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Shark update: Young great white released from tank in Malibu

Mr_white_does_laps Remember the young great white shark caught by local fishermen and put into the floating pen last week outside Paradise Cove in Malibu? Biologists released him Sunday after deciding he wouldn't be a good candidate to live for a few months in the Outer Bay exhibit of the Monterey Bay Aquarium.

Meanwhile, a number of readers asked for stats about the sharks that have been captured for study. Here's the info from Ken Peterson, who works with the aquarium:

Since 2002, we and our university research colleagues have handled 30 young white sharks in Southern California waters. Of those, 29 were caught accidentally in gear used by commercial fishermen as they were fishing for sea bass or halibut. The 30th was caught hook-and-line by our staff, and was one of three young sharks brought to the Monterey Bay Aquarium.

Of the 29 caught in commercial gear, five died. Some of those deaths undoubtedly were the result of injuries the sharks sustained in fishing nets before we received them. (There's no definitive way to say in how many cases that was a factor.)

We do know that, because fishermen are willing to alert us when they accidentally catch a young white shark, we've been able to tag and track more than a dozen animals and learn more than has ever been known about their movements in waters off Southern California and Baja. You can find the published data from the initial tagging work here.

As for the shark released Sunday, Peterson says it promptly swam away -- far away, as the sharks collected by the aquarium are too young to show territorial behavior. Biologists say the juveniles, which are fish-eaters, swim throughout SoCal waters, as well as south to Baja, Mexico.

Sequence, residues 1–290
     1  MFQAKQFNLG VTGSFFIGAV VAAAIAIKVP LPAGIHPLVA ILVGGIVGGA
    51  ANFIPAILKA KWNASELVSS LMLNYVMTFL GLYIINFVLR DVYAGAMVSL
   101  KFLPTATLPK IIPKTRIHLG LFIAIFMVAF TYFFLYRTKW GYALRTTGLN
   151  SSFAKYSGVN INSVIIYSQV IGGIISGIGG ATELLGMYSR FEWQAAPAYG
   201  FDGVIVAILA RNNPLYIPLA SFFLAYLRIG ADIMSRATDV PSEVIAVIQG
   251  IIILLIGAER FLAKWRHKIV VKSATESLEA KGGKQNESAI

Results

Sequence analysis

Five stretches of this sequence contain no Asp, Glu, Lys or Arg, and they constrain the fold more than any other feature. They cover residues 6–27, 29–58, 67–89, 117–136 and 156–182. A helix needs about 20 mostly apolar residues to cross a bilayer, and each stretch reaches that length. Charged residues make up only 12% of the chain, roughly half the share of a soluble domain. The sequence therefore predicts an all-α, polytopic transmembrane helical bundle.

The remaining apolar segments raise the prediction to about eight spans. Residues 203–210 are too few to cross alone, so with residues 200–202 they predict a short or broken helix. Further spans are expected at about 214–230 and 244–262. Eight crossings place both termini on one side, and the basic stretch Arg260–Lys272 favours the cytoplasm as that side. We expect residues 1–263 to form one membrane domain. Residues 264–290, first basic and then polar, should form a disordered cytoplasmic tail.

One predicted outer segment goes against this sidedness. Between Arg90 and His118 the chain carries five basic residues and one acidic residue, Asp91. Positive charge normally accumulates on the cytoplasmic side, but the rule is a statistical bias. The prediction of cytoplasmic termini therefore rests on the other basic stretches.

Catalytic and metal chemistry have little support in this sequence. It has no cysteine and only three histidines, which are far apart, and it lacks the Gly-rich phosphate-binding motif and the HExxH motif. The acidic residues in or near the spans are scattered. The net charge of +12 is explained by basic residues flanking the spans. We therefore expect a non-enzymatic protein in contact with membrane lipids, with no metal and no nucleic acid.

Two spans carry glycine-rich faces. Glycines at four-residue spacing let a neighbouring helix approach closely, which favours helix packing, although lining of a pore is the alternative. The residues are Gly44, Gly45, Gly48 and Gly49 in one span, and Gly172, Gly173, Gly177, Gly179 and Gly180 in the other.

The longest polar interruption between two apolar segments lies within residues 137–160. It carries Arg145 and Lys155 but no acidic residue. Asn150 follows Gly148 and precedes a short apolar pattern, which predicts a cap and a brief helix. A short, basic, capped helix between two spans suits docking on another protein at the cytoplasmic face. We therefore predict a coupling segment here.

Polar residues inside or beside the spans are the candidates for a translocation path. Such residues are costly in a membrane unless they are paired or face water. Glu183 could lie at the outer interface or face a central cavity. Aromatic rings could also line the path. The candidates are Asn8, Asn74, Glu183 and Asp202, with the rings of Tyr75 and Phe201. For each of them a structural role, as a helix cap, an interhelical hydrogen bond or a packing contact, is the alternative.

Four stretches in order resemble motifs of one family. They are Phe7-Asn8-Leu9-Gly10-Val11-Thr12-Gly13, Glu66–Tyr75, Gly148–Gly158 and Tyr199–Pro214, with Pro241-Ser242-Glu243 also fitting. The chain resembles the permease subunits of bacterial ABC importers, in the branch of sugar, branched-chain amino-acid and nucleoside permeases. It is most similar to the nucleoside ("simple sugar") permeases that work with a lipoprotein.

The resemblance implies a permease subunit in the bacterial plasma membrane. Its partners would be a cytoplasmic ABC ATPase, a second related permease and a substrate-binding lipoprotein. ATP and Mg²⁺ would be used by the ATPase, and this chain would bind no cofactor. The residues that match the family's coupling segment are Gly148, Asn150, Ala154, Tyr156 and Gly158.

All three sharks that did a stint in the aquarium exhibit were released in the Monterey Bay. The first went to Santa Barbara within the month. The second wound up in Cabo San Lucas in 90 days, and last year's shark -- that's the one in the photo -- took 44 days to get to Cabo and, five months later, was in the Sea of Cortez.

-- Veronique de Turenne

Photo credit: courtesy of Monterey Bay Aquarium

Comments () | Archives (1)


Please....., I mean really.

The aquarium is rewarding and paying (yeah paying) the gill netters to 'accidentally' capture the sharks, you can split hairs about whether reimbursement is payment all you like. The gill netters are profiting, bottom line.

As far as the staff capturing a white shark via hook and line goes, that is also false.

The aquarium hired (and payed) a well known (Marine Del Rey) shark sport killer who is a fixture and So-Cal shark killing contests and trophy kill tournaments. This individual is a well known killer of sharks and is in no way a 'staff biologist' or any kind of conservation minded individual. I just think it very sad that the Aquarium is trying to pull this off and pretending to be rescuing sharks they are hiring gill netters to catch and hiring known shark killers to assist them in hook and line efforts.

White sharks can and have been studied and tracked in the wild without having to sell tickets to see captive $pecimen$. AND, why is so little of the profits actually going to the researchers and associated research. The breakthroughs have occurred in the field, not the aquarium$.

Tsk, Tsk,
Halfmoon Bay California


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